According to Christians, Moses wrote the first five books of the Bible; Genesis to Deuteronomy are widely known as ‘the books of Moses’. There is little evidence Moses had anything to do with them and plenty that he didn’t. The narrative, for example, is never once in the first person; it’s all ‘Moses ordered this slaughter, Moses ordered that slaughter’, never ‘I was the bastard who ordered all the genocide.’ Maybe he was embarrassed about it or – much more likely – it was written by someone else..
In fact, the books were compiled from a range of sources, including stories from other cultures. They reached the form in which we know them around 600-400BC, a mere eight hundred to a thousand years after Moses was supposed to have lived. The events and folk-heroes they describe are demonstrably mythical.
Christians like to say that King David wrote many of the Psalms. While David’s name is attached to 73 of the 150, there is no reason to conclude he wrote them. It is more likely ‘of David’ serves as a dedication to a revered (and long dead) figure and may, indeed, have been added much later. The Psalms were actually created over an extended period of time – as much as five hundred years – by a wide range of unknown composers.Believers attribute much of the book of Proverbs to King Solomon, the fruit of David’s loins. Again, this is highly unlikely. The sayings are largely traditional and the attribution ‘is likely more concerned with labeling the material than ascribing authorship.’
Christians believe four blokes called Matthew, Mark, Luke and John wrote the New Testament’s gospels. They didn’t. The gospels were written anonymously and did not have the traditional names attached until a century or so after their composition. None is by an eye-witness. There is no evidence that the writer of Mark was a disciple of Peter’s, nor that ‘Luke’ was a companion of Paul’s (and even if he was, this wouldn’t make him an expert on the historical Jesus), nor that ‘John’ was a bona fide disciple. The fourth gospel was written between 90 and 110CE when the disciple would have had to be between 80 and 100 years old, or, much more likely given life-expectancy in the first century, dead. There are several hands at work in ‘John’, as the gospel itself concedes (John 21.24).
Christians insist that all of the letters attributed to Paul in the New Testament were written by him. However, despite the fact they say they’re by Paul, Colossians, Ephesians, 2 Thessalonians, 1 & 2 Timothy and Titus are not; they are forgeries. They were composed long after Paul’s death, which occurred some time around 64CE. The earliest of the forgeries, Colossians, is thought to be circa 75CE, while the ‘pastoral’ letters to Timothy and Titus may be as late as 150CE. All of the forgeries contradict the ideas expressed in Paul’s genuine letters.
Peter wrote the letters that carry his name, or so god-botherers claim, but according to the Bible itself, Peter was an illiterate Galilean fisherman (Acts 4.13). The Greek of the letters supposedly by him is accomplished and the theology well developed. Did Peter have time to learn Greek and polish its written form to perfection while busy preaching the gospel to all nations? Even if he did, how did he manage to write a letter (2 Peter) concerned with conditions in the church more than a century after his time with Jesus?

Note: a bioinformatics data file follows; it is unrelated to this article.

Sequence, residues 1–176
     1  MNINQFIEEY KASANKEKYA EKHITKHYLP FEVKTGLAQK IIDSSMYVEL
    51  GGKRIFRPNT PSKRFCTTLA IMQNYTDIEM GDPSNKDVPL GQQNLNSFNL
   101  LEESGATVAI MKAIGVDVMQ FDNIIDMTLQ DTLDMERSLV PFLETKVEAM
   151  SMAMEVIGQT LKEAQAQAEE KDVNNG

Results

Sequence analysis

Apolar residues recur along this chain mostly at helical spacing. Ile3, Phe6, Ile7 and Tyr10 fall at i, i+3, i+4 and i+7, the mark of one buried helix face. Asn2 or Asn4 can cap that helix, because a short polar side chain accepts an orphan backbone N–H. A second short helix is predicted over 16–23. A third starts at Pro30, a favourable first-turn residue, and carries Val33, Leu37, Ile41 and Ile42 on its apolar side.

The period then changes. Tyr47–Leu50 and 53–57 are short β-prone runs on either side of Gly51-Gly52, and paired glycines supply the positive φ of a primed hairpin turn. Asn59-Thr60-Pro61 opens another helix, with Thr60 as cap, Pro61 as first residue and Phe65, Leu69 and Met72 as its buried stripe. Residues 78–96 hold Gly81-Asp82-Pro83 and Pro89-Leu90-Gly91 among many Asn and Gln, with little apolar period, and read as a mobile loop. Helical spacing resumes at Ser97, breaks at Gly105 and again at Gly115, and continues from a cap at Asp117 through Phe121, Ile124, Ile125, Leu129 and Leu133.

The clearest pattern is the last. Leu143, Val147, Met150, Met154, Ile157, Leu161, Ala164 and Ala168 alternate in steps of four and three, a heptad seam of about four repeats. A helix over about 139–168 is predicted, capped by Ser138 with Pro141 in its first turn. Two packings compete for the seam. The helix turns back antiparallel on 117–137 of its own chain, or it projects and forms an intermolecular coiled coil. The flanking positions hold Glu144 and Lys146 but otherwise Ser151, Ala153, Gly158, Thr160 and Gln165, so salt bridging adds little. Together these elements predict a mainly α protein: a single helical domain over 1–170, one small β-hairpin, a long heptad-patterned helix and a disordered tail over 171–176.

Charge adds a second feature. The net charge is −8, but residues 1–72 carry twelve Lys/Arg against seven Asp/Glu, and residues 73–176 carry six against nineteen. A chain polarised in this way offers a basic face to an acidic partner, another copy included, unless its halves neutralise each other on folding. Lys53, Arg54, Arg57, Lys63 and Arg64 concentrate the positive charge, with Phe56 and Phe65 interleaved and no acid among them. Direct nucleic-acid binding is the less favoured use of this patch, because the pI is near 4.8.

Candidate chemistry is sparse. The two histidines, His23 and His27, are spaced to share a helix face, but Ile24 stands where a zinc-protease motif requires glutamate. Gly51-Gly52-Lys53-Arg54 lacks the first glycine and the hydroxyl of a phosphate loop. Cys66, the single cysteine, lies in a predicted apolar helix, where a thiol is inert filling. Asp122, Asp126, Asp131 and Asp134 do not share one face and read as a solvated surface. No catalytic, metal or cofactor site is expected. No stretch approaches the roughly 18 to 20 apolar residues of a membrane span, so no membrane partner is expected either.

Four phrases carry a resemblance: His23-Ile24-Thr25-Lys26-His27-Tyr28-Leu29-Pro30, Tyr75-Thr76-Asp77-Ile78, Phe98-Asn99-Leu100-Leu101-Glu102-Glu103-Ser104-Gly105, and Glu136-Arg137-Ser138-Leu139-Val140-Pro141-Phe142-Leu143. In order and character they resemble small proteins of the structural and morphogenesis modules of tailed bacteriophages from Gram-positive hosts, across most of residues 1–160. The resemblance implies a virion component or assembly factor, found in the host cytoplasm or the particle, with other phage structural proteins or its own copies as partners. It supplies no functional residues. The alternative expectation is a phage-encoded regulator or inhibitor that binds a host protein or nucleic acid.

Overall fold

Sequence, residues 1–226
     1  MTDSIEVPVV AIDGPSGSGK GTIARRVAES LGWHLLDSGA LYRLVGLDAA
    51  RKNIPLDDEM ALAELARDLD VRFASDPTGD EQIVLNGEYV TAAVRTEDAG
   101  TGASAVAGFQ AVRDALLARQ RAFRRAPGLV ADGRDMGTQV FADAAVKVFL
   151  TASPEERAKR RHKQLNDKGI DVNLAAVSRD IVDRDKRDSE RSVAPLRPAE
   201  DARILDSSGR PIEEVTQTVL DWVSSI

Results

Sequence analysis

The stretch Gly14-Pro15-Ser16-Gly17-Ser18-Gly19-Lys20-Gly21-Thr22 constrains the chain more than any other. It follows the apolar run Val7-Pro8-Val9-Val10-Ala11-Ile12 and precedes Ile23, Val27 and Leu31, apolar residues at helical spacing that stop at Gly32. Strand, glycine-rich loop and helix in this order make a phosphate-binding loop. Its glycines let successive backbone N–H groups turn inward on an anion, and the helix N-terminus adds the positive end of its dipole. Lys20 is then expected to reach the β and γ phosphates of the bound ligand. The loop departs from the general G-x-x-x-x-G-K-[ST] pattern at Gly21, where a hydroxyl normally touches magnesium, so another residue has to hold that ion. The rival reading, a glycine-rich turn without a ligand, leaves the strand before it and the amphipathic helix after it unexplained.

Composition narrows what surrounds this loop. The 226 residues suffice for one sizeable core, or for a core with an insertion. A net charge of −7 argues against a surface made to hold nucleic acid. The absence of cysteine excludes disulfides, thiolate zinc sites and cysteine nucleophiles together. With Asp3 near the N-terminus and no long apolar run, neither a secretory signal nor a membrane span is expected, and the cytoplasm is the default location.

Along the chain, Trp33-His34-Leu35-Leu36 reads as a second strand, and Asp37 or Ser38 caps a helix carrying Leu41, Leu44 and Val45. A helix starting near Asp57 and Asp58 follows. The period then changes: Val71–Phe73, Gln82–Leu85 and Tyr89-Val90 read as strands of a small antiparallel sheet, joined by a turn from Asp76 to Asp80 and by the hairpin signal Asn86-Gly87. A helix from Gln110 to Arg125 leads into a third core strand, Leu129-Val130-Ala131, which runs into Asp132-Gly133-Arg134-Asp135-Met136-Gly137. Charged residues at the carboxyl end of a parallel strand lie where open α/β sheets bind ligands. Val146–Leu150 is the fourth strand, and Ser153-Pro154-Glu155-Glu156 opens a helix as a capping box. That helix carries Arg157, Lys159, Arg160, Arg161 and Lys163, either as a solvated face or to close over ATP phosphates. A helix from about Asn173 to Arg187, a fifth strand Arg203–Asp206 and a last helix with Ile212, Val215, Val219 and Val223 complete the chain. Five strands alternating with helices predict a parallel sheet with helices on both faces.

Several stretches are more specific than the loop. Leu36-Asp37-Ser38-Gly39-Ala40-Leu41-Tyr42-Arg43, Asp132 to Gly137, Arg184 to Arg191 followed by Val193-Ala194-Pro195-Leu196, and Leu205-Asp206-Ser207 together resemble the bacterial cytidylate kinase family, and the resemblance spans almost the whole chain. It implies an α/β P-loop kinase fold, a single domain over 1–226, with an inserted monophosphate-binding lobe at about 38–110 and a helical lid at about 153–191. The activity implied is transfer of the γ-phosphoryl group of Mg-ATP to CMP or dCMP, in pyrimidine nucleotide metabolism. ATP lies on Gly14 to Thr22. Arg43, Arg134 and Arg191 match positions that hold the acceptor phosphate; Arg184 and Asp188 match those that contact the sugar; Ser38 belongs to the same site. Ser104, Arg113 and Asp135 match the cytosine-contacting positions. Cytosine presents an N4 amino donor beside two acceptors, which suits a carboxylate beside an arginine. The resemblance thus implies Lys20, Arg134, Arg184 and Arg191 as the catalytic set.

Jesus’ brothers James and Jude, we’re told, wrote the letters carrying their names. Again, they didn’t. The letter of James may have originated in the early Jerusalem church presided over by James the Just, but there’s no evidence this was Jesus’ brother. Jude is plagiarised from 2 Peter – word-for-word in places – which is itself a forgery. Would someone who knew Jesus as intimately as a brother need to steal what he had to say from an illegitimate source? Jude would have had to be well over a hundred years old to pull this one off.
When all else fails – and it does – Christians fall back on that most implausible of last resorts, ‘the Holy Spirit’. The very breath of God, they insist, presided over the creation of the Bible from start to finish. If it did, it made a staggeringly bad job of it; misattribution, mistakes and forgeries are the hallmarks of ‘God’s precious Word’.And on this unstable foundation, this tissue of lies, rests the entire edifice that is Christianity.
(It is difficult to find online sources on the authorship of the Bible. Christians have taken over the Internet with inummerable sites insisting the Bible was written by whoever they say it was. I’ve had to fall back on Wikipedia here (the articles are pretty comprehensive) but if you don’t think it reliable enough, I recommend Bart D. Ehrman’s Forged: Writing in the Name of God – why the Bible’s Authors Are Not Who We Think They Are.)